Tokyo Story (1953): Ozu’s Masterpiece–Intimate, Multi-Generational Family Saga

From Our Vaults:

Yasujirō Ozu directed in 1953 Tokyo Story, a Japanese drama starring Chishū Ryū and Chieko Higashiyama about an aging couple who travel to Tokyo to visit their grown children.

The film contrasts the behavior of their children, who are too busy to pay them much attention, with that of their widowed daughter-in-law, who treats them with kindness.

Ozu and screenwriter Kōgo Noda wrote the script, which is loosely based on the 1937 American film Make Way for Tomorrow, directed by Leo McCarey.

Noda suggested adapting the film, which Ozu had not yet seen. Ozu used many of the same cast and crew members that he had worked with for years.

Critical Status:

Tokyo Story is widely regarded as Ozu’s masterpiece and is often cited as one of the greatest films ever made.

Released in Japan on November 3, 1953, it did not immediately gain international recognition and was considered “too Japanese” and “too slow” to be marketable by film exporters.

It was screened in 1957 in London, where it won the inaugural Sutherland Trophy, and received praise from U.S. film critics after a 1972 screening in New York City.

In 2012, it was voted the best film of all time in a poll of film directors by Sight & Sound magazine.

Narrative Structure

A retired couple, Shūkichi and Tomi Hirayama (played by Chishū Ryū and Chieko Higashiyama), live in the town Onomichi in western Japan with their daughter Kyōko (played by Kyōko Kagawa), who is a school teacher.

They have five adult children, four of whom are living. The couple travel to Tokyo to visit their son, daughter and widowed daughter-in-law.

Their eldest son, Kōichi (So Yamamura), is a physician who runs a small clinic in the suburbs of Tokyo, and their eldest daughter, Shige (Haruko Sugimura), runs a hairdressing salon. Kōichi and Shige are both busy and do not have much time for their parents.

Only their widowed daughter-in-law, Noriko (Setsuko Hara), the wife of their middle son Shōji, who was missing in action and presumed dead during the Pacific War, goes out of her way to entertain them. She takes time from her busy office job to take Shūkichi and Tomi on a sightseeing tour of metropolitan Tokyo.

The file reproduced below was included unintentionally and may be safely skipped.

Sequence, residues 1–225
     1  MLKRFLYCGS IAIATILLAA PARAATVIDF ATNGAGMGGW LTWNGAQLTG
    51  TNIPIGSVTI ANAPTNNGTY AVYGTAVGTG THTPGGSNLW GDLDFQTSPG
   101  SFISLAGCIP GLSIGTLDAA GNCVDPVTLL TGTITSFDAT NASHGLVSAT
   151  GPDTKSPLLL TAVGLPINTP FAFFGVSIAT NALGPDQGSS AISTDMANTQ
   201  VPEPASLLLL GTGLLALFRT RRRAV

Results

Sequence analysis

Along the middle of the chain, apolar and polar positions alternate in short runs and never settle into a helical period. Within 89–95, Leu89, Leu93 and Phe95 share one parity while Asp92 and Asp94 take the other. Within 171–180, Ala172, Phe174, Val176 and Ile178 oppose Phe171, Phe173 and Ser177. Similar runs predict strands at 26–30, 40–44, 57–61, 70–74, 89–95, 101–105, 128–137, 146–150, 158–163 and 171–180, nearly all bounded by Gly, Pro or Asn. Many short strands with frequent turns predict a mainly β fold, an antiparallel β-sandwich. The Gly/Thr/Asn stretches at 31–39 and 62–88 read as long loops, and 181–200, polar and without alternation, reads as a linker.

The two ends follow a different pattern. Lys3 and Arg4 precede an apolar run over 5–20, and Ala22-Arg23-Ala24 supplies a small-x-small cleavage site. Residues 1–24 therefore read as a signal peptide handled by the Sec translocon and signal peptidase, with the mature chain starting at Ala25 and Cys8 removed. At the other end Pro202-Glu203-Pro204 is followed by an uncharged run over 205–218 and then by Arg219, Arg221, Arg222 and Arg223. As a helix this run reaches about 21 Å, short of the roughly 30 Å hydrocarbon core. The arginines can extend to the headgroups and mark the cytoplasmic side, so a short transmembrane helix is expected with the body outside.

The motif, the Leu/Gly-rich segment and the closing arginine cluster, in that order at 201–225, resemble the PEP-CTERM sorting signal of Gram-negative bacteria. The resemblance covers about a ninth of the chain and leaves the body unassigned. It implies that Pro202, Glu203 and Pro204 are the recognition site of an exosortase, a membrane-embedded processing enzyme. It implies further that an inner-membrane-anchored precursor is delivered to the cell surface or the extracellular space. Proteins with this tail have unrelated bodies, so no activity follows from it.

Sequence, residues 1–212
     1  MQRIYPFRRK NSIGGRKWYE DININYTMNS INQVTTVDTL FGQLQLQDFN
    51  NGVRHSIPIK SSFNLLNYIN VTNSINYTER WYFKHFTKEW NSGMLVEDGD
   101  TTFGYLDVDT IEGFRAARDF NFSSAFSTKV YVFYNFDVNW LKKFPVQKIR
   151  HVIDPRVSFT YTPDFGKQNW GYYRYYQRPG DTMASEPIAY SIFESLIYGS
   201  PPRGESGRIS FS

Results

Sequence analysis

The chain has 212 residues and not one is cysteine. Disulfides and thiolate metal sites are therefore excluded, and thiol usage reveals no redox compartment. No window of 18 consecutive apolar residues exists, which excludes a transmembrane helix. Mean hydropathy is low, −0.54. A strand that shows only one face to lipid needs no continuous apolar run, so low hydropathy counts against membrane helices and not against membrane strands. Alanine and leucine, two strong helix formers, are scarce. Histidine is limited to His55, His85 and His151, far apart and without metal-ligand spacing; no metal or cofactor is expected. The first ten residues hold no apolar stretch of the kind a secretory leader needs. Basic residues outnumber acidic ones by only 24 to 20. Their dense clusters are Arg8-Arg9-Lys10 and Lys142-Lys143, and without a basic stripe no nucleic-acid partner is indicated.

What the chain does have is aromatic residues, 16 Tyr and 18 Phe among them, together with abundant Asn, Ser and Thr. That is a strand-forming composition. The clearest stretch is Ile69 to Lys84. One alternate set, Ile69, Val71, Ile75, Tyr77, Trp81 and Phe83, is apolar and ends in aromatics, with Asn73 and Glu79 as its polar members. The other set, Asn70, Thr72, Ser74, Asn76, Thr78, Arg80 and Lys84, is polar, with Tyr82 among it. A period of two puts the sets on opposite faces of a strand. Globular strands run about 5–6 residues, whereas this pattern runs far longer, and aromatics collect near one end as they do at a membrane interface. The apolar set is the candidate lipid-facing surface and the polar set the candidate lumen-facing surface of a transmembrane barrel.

Kōichi and Shige pay for their parents to stay at a hot spring spa at Atami. Shūkichi and Tomi return early because the nightlife at the hotel disturbs their sleep. Tomi also has an unexplained dizzy spell. When they return, Shige explains that she had sent them to Atami because she wanted to use their bedroom for a meeting. The elderly couple have to leave for the evening. Tomi goes to stay with Noriko, with whom she deepens their emotional bond. Tomi advises Noriko to remarry.

Shūkichi, meanwhile, gets drunk with some old friends from Onomichi, then returns to Shige’s salon. Shige is outraged that her father is lapsing into the alcoholic ways that overshadowed her childhood.

The couple remark on how their children have changed, and they leave for home earlier than planned, intending to see their younger son Keizō when the train stops in Osaka.

However, Tomi suddenly becomes ill during the journey and they decide to disembark the train, and stay until she feels better the next day.

They return to Onomichi, and Tomi falls critically ill. Kōichi, Shige, and Noriko rush to Onomichi to see Tomi, who dies shortly afterwards. Keizō arrives too late, as he has been away on business.

After the funeral, Kōichi, Shige, and Keizō leave right away, and only Noriko remains.  Kyōko expresses to Noriko her anger about her siblings by deriding them over their selfishness toward their parents. She believes that Kōichi, Shige, and Keizō do not care how hard it will be for their father now that he has lost their mother. Noriko responds that while she understands Kyoko’s disappointment, everyone has their own life to lead, claiming that the growing chasm between parents and children is inevitable.

She then convinces Kyoko not to be too hard on her siblings because one day she will come to understand how hard it is to take time away from one’s own life.

After Kyōko leaves for school, Noriko informs her father-in-law that she must return to Tokyo that afternoon. Shūkichi tells her that she has treated them better than their own children despite not being related by blood. Noriko protests that she is selfish, and Shūkichi credits her self-assessment to humility. He gives her a watch from the late Tomi as a memento. Noriko breaks down in tears and confesses her loneliness. Shūkichi encourages her to remarry as soon as possible, stating that he wants her to be happy.

At the end, Noriko travels from Onomichi back to Tokyo, contemplating the watch, a symbol of the passing of time and uncertainty of her future, while Shūkichi remains behind, resigned to the solitude he must endure in his home in  Onomichi.


TCM showed the movie on August 19, 2021, enabling me to refresh my memory and notes on a film I last saw two decades ago.